The paper focuses on selected folklorist and ethnological activities during the inter-war period, financially supported by the Board for the Research of Slovakia and Subcarpathian Ruthenia, which was established on the initiative of T. G. Masaryk as part of the newly created Slavic Institute in Prague in 1928. This institution aimed to support links between Slovakia and the so-called Czech historical lands and the expressions of “mutuality” in the scientific, cultural or ethnic and language area, etc. The Board provided grants for conducting dialectological, folklorist, geographical and other projects, e.g. for the collection initiative of F. Wollman and his students in Bratislava and Brno in 1928–1947, covering Slovak and (yet unprocessed) Moravian folk fiction. Support was also granted to the research of music culture (D. Orel, K. Hudec, F. Zagriba, etc.), the collection of anthropological and ethnographical materials (K. Chotek, K. Domin, etc.), the study of Slovak folk embroidery (V. Pražák), folklore customs and practices (P. Bogatyrev), folk wood architecture (V. Sičynskyj, D. Stránská), Slovak dialects studied, for example, by V. Vážný, member of the Board, etc. The Slovak Encyclopaedia project, today already forgotten, was not completed. Its editors included historian V. Chaloupecký and, in particular, K. Chotek who prepared the concept of the work in 1930.
The paper explores possibilities of a more intensive use of comparative literature within literary education in which the adoration of national literature prevails together with the abstraction of the concept of world literature. This means putting more emphasis on area and comparative approaches. Emphasising comparative literature may bring in a search and respect for otherness, since it is not connected to any national language and literature, to any concrete tradition and culture, but refers to their variability, with the aim of explaining the contact with the other, which can be close as well as different. More effort should be put especially on the attempt to point to the interconnectedness and mutual influencing. The so-called educational, didactically applied comparatistics is a field of comparative literary studies aimed at overcoming binary, ethnolinguistic opposition of “the national” and “the worldly” in education, and, as far as literary education is concerned, it could become a new methodological stimulus. As a methodological basis of this educational comparative studies is being used the hermeneutic understanding of otherness, though not the interculturally remote one, but a close otherness which exists, for example, in the intertextuality of a particular work emerging within the framework of the “neighbourhood” of common Central European area. What is meant here is, first of all, the so-called innovated imagology, concentrated on the interpretation of images by means of which verbal text renders foreign countries and nations. The overall meaning of imagological impulses can also be seen on the weakening of the opposition of the traditional categories of “national” and “world”, as well as in the overcoming of the ideas of some cultures being more developed at the expense of other ones. Applying the area and comparative approach, educational comparative studies may facilitate the dialogue of literature as art also with other spheres, and have integrating as well as didactic function, or develop the feeling of mutuality and the ability to “compare”, not only in linguistic and ethnic circumstances, but in the value-contextual ones as well.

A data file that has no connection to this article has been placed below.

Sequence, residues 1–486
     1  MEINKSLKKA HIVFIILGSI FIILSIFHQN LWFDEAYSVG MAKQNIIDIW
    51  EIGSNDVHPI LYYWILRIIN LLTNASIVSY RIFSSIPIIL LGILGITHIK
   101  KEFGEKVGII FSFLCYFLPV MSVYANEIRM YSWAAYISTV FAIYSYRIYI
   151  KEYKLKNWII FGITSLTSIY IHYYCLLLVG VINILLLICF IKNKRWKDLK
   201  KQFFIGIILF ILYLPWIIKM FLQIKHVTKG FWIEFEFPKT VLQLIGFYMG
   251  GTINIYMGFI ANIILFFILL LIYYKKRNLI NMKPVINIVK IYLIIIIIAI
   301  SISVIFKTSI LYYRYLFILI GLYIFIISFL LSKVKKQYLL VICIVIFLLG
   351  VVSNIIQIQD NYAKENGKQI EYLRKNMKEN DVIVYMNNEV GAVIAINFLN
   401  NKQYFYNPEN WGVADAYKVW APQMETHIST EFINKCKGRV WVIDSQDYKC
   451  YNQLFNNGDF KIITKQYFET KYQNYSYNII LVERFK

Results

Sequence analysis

The aim of the authors is to respond to the growing demands on the intercultural competence of university teachers due to intensified internationalization pressures on higher education, especially due to the growing number of students and teachers’ international exchanges. They report on an intercultural course design responding to this need, presenting a case study from Slovakia. First, they define the need of intercultural competence of university teachers, especially those teaching in English-medium study programmes. Then they share a) findings from a needs analysis preceding the design of a new curriculum for an intercultural competence course (ICC) at Matej Bel University (MBU) with three aims (development of linguistic, cultural and pedagogic competences); and b) results from action research during piloting the ICC course. A comparison of 2011 and 2018 surveys pointed to the growing dominance of the English language, including an increasing command of English by MBU teachers. The ICC curriculum, tailored to the pre-identified teachers’ needs, proved to be a feasible way of facilitating their intercultural competence. Its implementation revealed persistent prejudices and difficulties associated with overcoming them. It also confirmed a significant deficit in preparing university teachers for their role as intercultural mediators in English-medium courses.
In Slovakia, modern Cultural Studies of English-speaking countries have been integrated into university curricula since the 1990s. However, there is a fundamental difference in the role CLIL plays in teaching “realia” (alternatively: cultural studies, country studies and area studies) for philological students and for business students of non-philological faculties. While philological students study realia with primary linguistic and cultural goals (i.e. to learn new words, terminology, context and comparative cultural aspects), non-philological students’ goals are business oriented (i.e. allow a successful graduate to function effectively in a new business environment). That affects the methodology, teaching procedure and assessment of both disciplines in debate.